A dinner invitation has dress codes defined in such a way that avoiding the dress code will result in multiple stares and stares. Formal attire is the way to go when it comes to dinner invitations. Punctuality is optional up to 30 minutes when invited to a dinner or party. Table manners are very important elements of Italian culture. People are expected to follow the hostess and not sit until directed. The host makes the first toast, followed by a counter toast by the honoree.

Also check: Shopping destinations in Italy

relationship and corporate culture

Trust and confidence are two key aspects of doing business in Italy. Italians generally prefer face-to-face contact while chatting, so spending time in Italy is important to invest in a relationship. Personal connections are important when doing business with you. The first appearances leave an immediate and lasting impression on the business partner.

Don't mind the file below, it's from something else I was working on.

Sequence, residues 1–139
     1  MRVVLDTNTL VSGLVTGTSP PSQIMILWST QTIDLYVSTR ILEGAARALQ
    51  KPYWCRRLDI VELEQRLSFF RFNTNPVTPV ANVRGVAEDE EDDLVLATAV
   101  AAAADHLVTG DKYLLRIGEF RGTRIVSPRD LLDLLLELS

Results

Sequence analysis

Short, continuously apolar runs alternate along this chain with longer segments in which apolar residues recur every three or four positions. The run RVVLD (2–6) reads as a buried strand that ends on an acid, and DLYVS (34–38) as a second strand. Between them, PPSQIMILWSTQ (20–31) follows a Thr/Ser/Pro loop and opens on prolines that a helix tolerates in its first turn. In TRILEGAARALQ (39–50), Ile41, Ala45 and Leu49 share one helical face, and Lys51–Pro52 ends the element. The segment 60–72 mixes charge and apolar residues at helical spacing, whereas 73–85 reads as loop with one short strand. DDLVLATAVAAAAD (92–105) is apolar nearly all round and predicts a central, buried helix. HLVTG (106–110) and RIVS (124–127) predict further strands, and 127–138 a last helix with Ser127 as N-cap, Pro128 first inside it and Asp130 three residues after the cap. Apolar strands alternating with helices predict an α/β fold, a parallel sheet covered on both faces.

All meetings must be planned at least 2-3 weeks in advance and recorded in writing. A reconfirmation of the appointment by fax or by phone is considered normal. August is a rest month for Italians, so avoid business during this month.

In a business negotiation, people only start talking about a deal after a brief interaction or social conversation where they approach you based on your openness to talk about you. Italians like to dictate the pace of negotiations. You can easily follow their leads as you switch topics from social to business discussions. Hierarchy is one of the pillars of doing business, since Italians highly value older people. Business cards are usually exchanged after a formal interaction or negotiation.

Keep reading: Requirements for a business visa in Italy